I am not in a position to make a judgment about what most people should do with their health. I think that people, whether they vaccinate or not, should go through the active process of deciding. It is not something to be done, or not done, passively.

My stepmother who had polio as a girl wanted me to add her point of view. Her fear is that through the success of vaccination programs entire generations have never known the true severity of these illnesses, thus only see the terrible consequences for some people from the vaccinations. She fears that some people who choose not to vaccinate, may choose this because they do not understand and have not seen the horror of what the disease can do. As large groups of people chose not to vaccinate, are we going to see a resurgence of these diseases? And when the consequences of the diseases become more highly visible, are we going to then wish we had more successfully vaccinated?

> Who should be responsible for vaccine decisions?
Ultimately this needs to be in the control of the individual. Parents should decide for their children, but if a child of an appropriate age (14? 16?) wants to be vaccinated against the wishes of the parent, the child should be allowed to receive vaccinations.

> Do your schools agree? What's their policy on student vaccination?
My children's' schools "require" vaccinations, but no child may be excluded from school because they are lacking vaccinations. All a parent needs to do is tell the school that they have made the decision against vaccinations and the school has to accept them.

> Why did you decide to vaccinate your children?
(You didn't ask this question, but it seemed relevant)

I make decisions by making a "cost/benefit" analysis, calculating the risks against the benefits of a situation. In this case it is the risk of contracting the disease and the severity of the consequences of the illness, against the risk and severity of an adverse reaction to the vaccination.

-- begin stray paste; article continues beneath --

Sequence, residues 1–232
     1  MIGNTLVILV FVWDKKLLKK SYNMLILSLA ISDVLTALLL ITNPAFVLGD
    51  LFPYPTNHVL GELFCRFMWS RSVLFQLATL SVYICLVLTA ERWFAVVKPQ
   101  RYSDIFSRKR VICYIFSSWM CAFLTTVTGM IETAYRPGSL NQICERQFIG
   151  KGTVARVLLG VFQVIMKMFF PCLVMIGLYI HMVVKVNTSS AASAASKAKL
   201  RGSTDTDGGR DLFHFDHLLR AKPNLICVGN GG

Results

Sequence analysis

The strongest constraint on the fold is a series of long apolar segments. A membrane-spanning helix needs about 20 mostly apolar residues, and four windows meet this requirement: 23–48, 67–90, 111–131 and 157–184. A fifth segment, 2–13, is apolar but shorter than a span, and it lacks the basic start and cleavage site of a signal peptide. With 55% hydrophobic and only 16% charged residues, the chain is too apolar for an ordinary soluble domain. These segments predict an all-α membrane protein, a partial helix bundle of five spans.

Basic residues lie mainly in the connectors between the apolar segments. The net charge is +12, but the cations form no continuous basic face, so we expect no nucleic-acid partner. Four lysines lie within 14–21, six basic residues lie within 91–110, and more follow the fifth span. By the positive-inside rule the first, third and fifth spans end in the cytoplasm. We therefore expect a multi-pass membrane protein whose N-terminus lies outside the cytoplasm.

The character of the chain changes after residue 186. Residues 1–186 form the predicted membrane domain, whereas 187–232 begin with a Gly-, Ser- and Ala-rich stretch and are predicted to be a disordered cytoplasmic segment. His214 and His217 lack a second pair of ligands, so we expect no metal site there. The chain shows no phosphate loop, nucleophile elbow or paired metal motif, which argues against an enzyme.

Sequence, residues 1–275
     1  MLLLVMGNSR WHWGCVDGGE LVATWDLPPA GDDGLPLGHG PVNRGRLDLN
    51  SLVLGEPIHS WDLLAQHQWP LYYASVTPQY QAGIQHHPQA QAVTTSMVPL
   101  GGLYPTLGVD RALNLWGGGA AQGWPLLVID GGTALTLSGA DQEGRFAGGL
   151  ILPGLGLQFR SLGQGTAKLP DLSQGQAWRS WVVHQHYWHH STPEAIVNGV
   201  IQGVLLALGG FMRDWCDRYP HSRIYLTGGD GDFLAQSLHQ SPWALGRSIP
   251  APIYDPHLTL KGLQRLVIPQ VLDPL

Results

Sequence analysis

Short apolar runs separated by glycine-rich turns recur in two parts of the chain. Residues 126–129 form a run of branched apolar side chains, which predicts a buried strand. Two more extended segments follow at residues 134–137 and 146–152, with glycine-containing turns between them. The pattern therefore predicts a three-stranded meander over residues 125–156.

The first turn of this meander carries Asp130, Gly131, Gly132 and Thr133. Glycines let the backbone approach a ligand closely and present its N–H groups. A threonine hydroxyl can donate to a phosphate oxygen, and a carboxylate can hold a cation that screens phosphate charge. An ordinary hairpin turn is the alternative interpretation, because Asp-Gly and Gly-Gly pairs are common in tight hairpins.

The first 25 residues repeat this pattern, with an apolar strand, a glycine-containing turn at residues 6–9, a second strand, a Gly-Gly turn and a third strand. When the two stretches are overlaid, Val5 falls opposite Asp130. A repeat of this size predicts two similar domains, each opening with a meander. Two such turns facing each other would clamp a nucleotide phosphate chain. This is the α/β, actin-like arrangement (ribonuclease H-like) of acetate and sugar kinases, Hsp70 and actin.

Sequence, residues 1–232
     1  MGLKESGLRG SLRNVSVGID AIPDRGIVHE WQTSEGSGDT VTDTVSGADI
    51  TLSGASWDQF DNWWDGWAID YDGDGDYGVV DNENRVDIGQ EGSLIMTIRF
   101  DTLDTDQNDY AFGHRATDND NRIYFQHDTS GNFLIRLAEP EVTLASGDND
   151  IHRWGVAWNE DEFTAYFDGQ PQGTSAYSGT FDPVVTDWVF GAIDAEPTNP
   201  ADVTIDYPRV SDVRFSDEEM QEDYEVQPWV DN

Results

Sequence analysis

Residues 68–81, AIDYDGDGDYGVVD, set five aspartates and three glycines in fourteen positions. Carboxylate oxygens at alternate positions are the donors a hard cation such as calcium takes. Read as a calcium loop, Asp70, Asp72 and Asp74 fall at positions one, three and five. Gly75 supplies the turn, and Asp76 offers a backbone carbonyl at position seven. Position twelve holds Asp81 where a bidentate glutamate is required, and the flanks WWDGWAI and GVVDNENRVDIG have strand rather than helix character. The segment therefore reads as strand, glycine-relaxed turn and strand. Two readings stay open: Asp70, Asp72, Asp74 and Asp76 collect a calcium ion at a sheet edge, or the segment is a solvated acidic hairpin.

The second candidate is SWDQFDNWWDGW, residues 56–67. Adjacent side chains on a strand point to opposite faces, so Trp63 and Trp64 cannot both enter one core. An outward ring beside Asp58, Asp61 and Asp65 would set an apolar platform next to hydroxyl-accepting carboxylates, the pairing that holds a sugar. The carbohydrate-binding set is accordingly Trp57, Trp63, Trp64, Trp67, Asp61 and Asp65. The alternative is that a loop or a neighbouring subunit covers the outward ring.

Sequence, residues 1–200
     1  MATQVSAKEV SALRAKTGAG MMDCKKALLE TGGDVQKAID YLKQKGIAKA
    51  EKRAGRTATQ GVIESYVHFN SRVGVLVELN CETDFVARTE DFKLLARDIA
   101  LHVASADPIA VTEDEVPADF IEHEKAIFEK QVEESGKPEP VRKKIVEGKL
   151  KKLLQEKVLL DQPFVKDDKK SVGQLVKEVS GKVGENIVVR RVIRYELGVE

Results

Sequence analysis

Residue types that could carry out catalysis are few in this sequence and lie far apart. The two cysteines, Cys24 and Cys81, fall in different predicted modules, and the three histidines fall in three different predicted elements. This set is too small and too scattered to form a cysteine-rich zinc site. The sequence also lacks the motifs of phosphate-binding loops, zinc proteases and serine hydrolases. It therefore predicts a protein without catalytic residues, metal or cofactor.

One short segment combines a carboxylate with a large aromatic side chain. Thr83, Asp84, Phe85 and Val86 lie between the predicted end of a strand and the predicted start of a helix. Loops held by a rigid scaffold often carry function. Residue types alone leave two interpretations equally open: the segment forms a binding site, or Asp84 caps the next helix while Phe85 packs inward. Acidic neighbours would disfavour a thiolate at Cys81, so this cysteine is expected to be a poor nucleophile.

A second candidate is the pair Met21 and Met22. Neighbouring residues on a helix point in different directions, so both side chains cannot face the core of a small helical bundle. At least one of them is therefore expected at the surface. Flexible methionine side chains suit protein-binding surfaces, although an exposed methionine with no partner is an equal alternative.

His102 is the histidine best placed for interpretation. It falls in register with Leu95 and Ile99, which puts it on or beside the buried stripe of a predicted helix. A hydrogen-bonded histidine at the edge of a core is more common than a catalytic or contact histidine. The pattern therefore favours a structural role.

The first thing I kept in mind is that the diseases for which children receive vaccinations (except for the new vaccine for Chicken Pox) often have very severe consequences including paralysis, blindness, loss of hearing, brain and nerve damage and at times are fatal. I balanced that with the knowledge that some of the vaccines can have equally treacherous consequences although generally at a statistically far lower rate.

To make these decisions I looked at how vaccinations and disease had affected my immediate family and friends. I looked first at my stepmother "Mary" who contracted polio as a child. She was in the hospital for months and being the oldest of a very large family, she spent much of those long scary months without visitors. She was one of the lucky ones who eventually returned home and learned how to walk again. Mary has worked very hard every day of her life since then. She is an active and reasonably athletic woman, a very strong swimmer, a fairly good runner, and an fine outdoors woman. She also does her long set of back exercises every day--she also has pain in her back every day. It usually is not too bad--just an annoyance. At times it gets very painful. The "cost" of her polio was not life threatening, but it has certainly decreased the quality of her life and her ability to enjoy life to its fullest. When I researched the statistical probability of my children contracting polio (we travel) and having some sort of long term effect from the illness I found it to be far higher than the statistical probability of them having a long term effect from the vaccine. I didn't feel comfortable withholding the vaccine.

Similarly, I have a friend, "Carlos," who contracted Mumps as a young man. He says he remembers being deathly ill, but made it through fine...except that one of his testicles shriveled up, "like an miniature, hard walnut." Being a non-intimate friend, I have never seen the testicle in question, but his wife admits it is shriveled up and pretty "creepy looking." He did go on to father three children, so his remaining testicle presumably is in good functioning order, but I would like for my children to get through life with everything intact if at all possible. Again, I looked at the numbers, and decided to vaccinate.

index | biblio

technology affects food relationships and death determining potential directions for our society.
 - composition
- pills
diet pills
- distribution 
electronic babysitting fluoridation
technological determinism

thesis biblio
how to read this thesis
process notes